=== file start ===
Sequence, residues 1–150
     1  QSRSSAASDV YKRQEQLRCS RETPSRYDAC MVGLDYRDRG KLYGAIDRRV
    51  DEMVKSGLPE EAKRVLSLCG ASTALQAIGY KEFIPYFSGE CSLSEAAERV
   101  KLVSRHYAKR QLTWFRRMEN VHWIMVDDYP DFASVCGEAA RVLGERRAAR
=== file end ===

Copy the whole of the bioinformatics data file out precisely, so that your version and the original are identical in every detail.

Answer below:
Sequence, residues 1–150
     1  QSRSSAASDV YKRQEQLRCS RETPSRYDAC MVGLDYRDRG KLYGAIDRRV
    51  DEMVKSGLPE EAKRVLSLCG ASTALQAIGY KEFIPYFSGE CSLSEAAERV
   101  KLVSRHYAKR QLTWFRRMEN VHWIMVDDYP DFASVCGEAA RVLGERRAAR